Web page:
4 life lessons from leading creative entrepreneurs

Here’s what local and international leaders in the arts and cultural industries have learned along the way - by Brooke Boland.

So much of what we learn in the arts comes from doing –  which is why conferences and events such as the recent REMIX Academy Perth are invaluable, offering an opportunity for creatives to come together to share their successes and the lessons they’ve learned along the way. 

But if you didn’t make it to Perth for the second iteration of REMIX Academy Perth – and many didn’t as it sold out quickly –  we’ve got you covered. 

ArtsHub asked Henry Boston, Executive Director of the Chamber of Arts and Culture WA for his top four key takeaways from the conference, which in 2018 explored the themes of cultural tourism, space activation, and the evolution of new platforms for telling stories.

1. HAVE A CLARITY OF VISION AND REMAIN TRUE TO IT. KNOW WHY THE ORGANISATION EXISTS AND NOT JUST WHAT IT DOES.

Robbie Brammall, Director of Marketing and Communications, MONA, said one of the keys to the museum’s success is its clear and authentic brand identity. 

‘David Walsh, who founded MONA with a theme of Sex and Death, offered Brammel this advice when he hired him, “Fail if you have to. Upset people if you can. Just don’t let MONA drift to the middle.” Subsequently everything has been about being a disruptor that challenges the audience,’ said Boston.

This emphasis on clarity and remembering why the organisation exists continued in the observations of Time Out CEO Michael Rodrigues. During his talk at REMIX Academy Perth, Rodrigues said that while most organisations can tell you what they do, they can’t always tell you why they do it.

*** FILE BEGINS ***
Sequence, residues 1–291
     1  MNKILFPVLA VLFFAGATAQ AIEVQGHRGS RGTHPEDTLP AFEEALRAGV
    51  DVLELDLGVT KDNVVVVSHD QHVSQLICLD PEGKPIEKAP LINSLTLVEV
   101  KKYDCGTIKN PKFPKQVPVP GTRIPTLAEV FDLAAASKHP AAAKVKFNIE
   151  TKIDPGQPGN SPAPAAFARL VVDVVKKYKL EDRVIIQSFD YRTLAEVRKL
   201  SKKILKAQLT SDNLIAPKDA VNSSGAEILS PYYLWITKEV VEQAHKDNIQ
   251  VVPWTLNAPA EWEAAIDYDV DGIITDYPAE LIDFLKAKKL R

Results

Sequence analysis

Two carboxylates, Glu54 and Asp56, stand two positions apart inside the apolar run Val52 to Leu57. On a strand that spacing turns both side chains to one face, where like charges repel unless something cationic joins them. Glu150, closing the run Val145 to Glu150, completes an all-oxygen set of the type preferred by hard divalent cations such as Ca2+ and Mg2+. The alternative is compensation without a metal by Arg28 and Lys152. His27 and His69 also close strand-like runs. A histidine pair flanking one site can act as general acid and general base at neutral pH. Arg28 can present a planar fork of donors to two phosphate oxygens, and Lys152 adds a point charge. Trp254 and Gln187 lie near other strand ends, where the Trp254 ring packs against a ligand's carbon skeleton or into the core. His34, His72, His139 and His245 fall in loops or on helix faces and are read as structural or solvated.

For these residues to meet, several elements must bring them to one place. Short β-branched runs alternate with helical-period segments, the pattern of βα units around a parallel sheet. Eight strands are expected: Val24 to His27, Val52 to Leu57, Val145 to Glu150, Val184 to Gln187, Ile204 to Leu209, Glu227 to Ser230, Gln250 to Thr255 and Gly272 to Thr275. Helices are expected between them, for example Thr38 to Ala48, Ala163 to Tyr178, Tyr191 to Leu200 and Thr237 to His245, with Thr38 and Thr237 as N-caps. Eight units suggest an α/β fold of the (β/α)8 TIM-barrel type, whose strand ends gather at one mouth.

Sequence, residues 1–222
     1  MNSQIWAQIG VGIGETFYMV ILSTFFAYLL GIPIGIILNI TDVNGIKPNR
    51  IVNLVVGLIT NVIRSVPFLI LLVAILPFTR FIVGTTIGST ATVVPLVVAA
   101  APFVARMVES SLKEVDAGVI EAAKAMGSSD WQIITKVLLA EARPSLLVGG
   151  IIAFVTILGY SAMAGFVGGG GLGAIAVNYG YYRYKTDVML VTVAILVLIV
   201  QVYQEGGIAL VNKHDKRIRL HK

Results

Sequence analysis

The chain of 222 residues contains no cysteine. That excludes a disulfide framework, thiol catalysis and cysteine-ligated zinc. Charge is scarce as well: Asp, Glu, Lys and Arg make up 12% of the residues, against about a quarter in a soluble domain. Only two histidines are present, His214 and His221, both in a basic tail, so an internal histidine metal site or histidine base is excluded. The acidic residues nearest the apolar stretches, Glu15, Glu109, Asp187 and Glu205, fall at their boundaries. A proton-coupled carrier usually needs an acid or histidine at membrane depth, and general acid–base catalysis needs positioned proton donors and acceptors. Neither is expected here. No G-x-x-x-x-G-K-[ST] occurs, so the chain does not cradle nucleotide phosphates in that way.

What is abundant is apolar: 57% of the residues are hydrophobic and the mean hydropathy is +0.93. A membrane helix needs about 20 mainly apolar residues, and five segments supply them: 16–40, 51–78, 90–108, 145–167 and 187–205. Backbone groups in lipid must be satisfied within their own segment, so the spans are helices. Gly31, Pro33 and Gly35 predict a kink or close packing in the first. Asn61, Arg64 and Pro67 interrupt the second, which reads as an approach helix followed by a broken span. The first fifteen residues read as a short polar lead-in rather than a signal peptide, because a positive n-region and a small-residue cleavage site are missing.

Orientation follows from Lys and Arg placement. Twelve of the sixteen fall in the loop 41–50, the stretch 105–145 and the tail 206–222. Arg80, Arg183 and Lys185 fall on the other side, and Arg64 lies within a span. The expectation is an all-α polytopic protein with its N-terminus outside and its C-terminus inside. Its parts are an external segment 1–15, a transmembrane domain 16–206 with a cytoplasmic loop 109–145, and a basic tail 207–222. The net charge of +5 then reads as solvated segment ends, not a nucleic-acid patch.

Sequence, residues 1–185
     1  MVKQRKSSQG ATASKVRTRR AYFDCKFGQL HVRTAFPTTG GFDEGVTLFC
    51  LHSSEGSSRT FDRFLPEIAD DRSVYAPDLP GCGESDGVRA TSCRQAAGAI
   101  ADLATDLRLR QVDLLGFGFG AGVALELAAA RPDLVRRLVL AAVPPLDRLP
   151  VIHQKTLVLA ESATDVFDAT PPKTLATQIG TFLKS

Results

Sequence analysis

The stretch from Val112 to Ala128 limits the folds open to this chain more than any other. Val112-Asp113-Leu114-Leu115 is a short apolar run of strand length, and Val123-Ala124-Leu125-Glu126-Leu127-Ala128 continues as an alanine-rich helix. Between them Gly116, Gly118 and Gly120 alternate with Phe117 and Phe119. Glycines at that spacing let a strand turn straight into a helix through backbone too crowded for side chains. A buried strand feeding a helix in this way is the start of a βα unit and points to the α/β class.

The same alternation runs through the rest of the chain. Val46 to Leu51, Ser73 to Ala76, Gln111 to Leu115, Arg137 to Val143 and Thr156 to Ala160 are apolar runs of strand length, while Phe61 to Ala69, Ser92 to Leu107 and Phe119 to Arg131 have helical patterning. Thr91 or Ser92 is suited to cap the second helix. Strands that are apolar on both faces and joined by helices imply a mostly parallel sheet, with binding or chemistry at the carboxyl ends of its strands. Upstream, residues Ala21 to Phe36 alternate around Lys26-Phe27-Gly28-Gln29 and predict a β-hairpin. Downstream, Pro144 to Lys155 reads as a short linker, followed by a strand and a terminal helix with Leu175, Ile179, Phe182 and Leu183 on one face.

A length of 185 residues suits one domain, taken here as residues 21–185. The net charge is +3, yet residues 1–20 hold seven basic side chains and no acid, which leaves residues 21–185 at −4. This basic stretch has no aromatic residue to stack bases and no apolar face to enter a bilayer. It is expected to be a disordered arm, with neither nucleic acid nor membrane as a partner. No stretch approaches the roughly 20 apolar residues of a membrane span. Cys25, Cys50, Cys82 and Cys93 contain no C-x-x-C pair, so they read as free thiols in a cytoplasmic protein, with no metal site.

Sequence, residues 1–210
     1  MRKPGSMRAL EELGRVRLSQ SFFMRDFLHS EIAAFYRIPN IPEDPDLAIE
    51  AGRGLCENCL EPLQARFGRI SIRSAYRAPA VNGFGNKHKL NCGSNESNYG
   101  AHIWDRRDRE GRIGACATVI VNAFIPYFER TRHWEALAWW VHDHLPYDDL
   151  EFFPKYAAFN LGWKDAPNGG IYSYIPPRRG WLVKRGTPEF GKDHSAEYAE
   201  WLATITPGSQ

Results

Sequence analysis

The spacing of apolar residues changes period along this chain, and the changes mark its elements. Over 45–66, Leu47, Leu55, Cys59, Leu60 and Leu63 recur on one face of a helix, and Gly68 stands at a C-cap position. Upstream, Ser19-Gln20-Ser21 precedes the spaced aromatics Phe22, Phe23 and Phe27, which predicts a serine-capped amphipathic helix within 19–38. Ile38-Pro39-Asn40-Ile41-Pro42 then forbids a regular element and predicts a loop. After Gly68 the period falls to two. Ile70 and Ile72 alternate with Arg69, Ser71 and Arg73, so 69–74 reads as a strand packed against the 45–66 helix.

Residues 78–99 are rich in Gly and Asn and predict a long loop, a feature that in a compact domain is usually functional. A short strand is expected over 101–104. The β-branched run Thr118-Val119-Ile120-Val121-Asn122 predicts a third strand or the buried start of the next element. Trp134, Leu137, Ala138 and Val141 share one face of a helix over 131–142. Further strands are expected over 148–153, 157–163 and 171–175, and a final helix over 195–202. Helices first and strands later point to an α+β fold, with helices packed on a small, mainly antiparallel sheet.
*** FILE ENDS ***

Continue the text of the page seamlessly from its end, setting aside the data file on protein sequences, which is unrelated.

‘Knowing why you exist helps you to stay true to your identity. Time Out was created to encourage people to go out and enjoy the world.  It has diversified its business but remained true to the purpose,’ said Boston.  

‘Rodrigues gave the example of Time Out Market in Lisbon, a food hall started in 2014 where everything has been chosen, tasted and tested (with four or five stars, and not one star less) by an independent panel of city experts: Time Out’s own journalists and critics.’  

Another lesson here is in audience development and brand awareness: ‘be aware of the difference between impact and reach. The deeper the engagement the greater the impact.’

2. BE AUTHENTIC IN ALL THAT YOU DO AND TAKE ON, AMBITIOUS IN WHAT YOU WANT TO ACHIEVE AND ASPIRATIONAL IN FUTURE PLANNING.  

‘Authenticity, ambition, and aspiration were common themes throughout the conference,’ said Boston.  

Amanda Morrison, head of independent film and TV producer Komixx Entertainment’s Asia Pacific office based in Perth, observed that authenticity is the key when developing online content for a particular market. 

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